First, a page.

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Review: ‘Queen Bees’ Keeps a Serious Subject Light

Review: ‘Queen Bees’ Keeps a Serious Subject Light

Queen Bees, currently in theaters and on demand, is a humorous, light-hearted look at aging out of living alone.

And before someone says, “That will never happen to me,” Bees looks at that aspect through the eyes of Helen, a widow and grandmother played by Oscar winner Ellen Burnstyn. Life is going pretty smoothly for Helen. Her husband has been gone long enough for her to be used to living in their home by herself. Her beloved grandson (Matthew Barnes) visits often and is very sweet to her, and she has her routines. However, when Helen starts forgetting things and one particular time leads to a major disaster, she’s faced with moving temporarily to a dreaded retirement home. And as they say, hijinks ensue. 

Directed by Michael Lembeck, the film features a cast of veteran actors: Ann-Margret, James Caan, Loretta Devine, Jane Curtin, and Christopher Lloyd. Lembeck, who grew up in Hollywood and worked as an actor before turning to directing, squeezes just enough quirkiness out of his scenes without going full-tilt. By spotlighting the small things, he shows an age-old truth: people take the personality traits they’ve learned everywhere they go, even if those traits appear strange to others. 

Curtin (Janet), Ann-Margret (Margot) and Devine (Sally) all do a decent job as the cliquish, mean girl Queen Bees that Burstyn encounters at the home. While Curtin’s bad-mannered, mean-faced Janet isn’t far from some of the characters she’s known for (such as in 3rd Rock from the Sun or any number of SNL skits), the solid portrayal creates just enough tension to make the story interesting.

Initially Ann-Margret’s sexy take on the much married Margot imagines what her earlier onscreen sex-kitten characters would be like as seniors. Yet, her scenes with Lloyd are reminders that the Golden Globe winner can switch it up really well. 

Devine brings her trademark sweet auntie positiveness to the role of Sally, a Bee with a heart who shares an easy chemistry with Burstyn in a story arc that eventually reveals the tragedy under her sunny facade. 

Burstyn is the titular role here and doesn’t really miss a beat in showing that older women are smart and have many identities — from wife and partner — to parent, grandparent, neighbor, friend, and a still-desirable woman. 

Caan (Dan) is a retired widower who wants nothing more than to romance Burstyn’s Helen. Caan underplays in scenes with Burstyn, a good call that makes his love interest role somehow better. As Caan plays him, Dan is a man who knows he’s attracted to Helen and gently but firmly pursues her without guile, something that is not needed after people grow older.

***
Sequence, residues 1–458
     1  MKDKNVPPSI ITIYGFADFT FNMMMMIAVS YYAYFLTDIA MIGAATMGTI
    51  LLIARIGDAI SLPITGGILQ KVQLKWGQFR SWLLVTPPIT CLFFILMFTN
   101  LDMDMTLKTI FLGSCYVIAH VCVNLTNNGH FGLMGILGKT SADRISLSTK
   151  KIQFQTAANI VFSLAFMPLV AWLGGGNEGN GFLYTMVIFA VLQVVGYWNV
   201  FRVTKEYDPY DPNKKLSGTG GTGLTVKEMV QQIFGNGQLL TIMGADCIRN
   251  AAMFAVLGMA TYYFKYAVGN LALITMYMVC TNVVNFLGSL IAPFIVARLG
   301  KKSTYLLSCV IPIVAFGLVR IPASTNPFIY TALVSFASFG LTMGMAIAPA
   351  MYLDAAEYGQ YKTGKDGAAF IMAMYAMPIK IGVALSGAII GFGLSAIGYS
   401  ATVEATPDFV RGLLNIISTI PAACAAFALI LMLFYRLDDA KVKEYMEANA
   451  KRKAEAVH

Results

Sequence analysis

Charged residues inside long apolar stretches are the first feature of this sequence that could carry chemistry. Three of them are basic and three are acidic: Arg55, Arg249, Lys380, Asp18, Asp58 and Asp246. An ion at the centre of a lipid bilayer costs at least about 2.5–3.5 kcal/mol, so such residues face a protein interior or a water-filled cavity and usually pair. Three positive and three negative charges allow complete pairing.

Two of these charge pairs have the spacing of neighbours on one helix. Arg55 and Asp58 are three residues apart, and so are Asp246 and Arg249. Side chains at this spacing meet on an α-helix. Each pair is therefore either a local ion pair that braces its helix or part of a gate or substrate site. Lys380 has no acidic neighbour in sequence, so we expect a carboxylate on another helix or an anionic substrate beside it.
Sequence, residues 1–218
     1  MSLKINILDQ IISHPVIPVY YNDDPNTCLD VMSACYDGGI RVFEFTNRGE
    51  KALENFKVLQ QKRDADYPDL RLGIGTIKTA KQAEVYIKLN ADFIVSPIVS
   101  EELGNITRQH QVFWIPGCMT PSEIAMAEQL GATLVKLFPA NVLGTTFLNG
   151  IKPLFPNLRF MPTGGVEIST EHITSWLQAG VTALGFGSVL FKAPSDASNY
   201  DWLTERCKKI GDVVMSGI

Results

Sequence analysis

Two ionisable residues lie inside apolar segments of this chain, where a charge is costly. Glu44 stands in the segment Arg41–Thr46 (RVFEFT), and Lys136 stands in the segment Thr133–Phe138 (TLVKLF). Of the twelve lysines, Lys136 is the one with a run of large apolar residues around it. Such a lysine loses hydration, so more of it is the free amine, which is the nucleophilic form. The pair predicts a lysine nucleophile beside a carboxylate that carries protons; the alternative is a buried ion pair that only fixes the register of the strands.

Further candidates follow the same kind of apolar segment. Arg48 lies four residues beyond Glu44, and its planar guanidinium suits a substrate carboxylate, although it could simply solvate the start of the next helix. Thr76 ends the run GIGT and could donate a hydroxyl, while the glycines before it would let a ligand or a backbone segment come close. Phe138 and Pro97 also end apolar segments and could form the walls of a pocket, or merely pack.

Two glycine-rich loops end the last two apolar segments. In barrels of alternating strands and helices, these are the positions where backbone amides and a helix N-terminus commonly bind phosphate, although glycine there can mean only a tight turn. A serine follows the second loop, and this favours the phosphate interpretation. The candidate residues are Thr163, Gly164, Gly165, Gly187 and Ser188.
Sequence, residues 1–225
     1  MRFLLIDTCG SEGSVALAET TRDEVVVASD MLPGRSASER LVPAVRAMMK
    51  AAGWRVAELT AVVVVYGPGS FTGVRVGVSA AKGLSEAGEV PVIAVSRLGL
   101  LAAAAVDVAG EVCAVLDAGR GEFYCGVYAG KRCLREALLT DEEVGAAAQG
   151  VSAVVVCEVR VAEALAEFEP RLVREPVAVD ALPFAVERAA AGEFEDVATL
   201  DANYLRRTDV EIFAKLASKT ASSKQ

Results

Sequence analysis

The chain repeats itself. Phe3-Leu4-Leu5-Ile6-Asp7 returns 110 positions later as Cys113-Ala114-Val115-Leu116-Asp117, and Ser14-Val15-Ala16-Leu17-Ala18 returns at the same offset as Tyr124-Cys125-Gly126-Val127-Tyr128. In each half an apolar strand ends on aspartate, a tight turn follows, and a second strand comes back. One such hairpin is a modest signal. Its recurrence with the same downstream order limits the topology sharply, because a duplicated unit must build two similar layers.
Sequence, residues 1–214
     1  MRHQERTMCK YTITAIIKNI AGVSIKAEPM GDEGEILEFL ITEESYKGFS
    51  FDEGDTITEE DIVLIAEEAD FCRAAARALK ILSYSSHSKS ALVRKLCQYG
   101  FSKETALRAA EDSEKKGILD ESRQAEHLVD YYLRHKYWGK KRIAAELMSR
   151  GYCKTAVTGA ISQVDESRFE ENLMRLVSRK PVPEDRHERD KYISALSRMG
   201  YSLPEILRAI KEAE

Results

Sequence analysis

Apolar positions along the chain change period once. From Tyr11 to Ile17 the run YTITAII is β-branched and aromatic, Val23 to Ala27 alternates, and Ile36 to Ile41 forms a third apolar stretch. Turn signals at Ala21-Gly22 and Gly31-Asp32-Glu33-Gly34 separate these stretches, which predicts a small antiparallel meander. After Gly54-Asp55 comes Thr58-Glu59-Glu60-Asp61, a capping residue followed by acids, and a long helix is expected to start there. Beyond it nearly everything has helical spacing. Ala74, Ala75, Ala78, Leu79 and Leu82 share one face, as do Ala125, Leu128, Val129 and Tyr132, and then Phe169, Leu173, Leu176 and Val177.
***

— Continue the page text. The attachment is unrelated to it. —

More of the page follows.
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Emmy-winning character actor Lloyd, still remembered by generations for Back to the Future films, departs from his usual roles to play a flirty senior with a secret. However, Lloyd and Ann-Margret do not have enough scenes together, perhaps due to sharp edits. Whatever the reason, there was more to mine there.

Rounding out the cast are Elizabeth Mitchell (Lost) as Helen’s stressed daughter Laura, French Stewart as the frazzled retirement home manager, and comic Alec Mapa as the laid-back masseuse, Lito. 

Although presented as a light comedy, Queen Bees is a story about the serious business of the latter part of human lives. It touches on what moving into a retirement home can mean for some; giving up control of one’s life or having to be in a place to live out the time before death with far less privacy. 

The question is should these issues be given a comedic touch? Or should films about this subject go deeper? For example, what happens when seniors can’t afford to go to a beautiful place like Queen Bees’s characters live in?

The flip side of the retirement home story was recently told in Netflix’s melodramatic dark comedy, I Care a Lot, in which a scammer (Rosamund Pike) took advantage of loopholes in senior care and housing. 

Also, as mentioned, some scenes are choppy, leaving parts of the story not fleshed out. Backstories are also lacking. Why not more of Lloyd and Ann-Margret? Why not more about Sally’s problem? We don’t know enough about why Helen’s daughter is so determined to get her into the retirement home, and the resolution is too neatly tied up in the last minutes of the film. 

Fortunately, for those of us who think about what we will do when that day comes, the film is based on a true story of a family member of the film’s producer, Harrison Powell.  The real-life story has a happy ending, just like in Queen Bees, which will not win any awards but is easily digestible and won’t leave any aftertaste. 

On a scale of one to five, Queen Bees is a three. 

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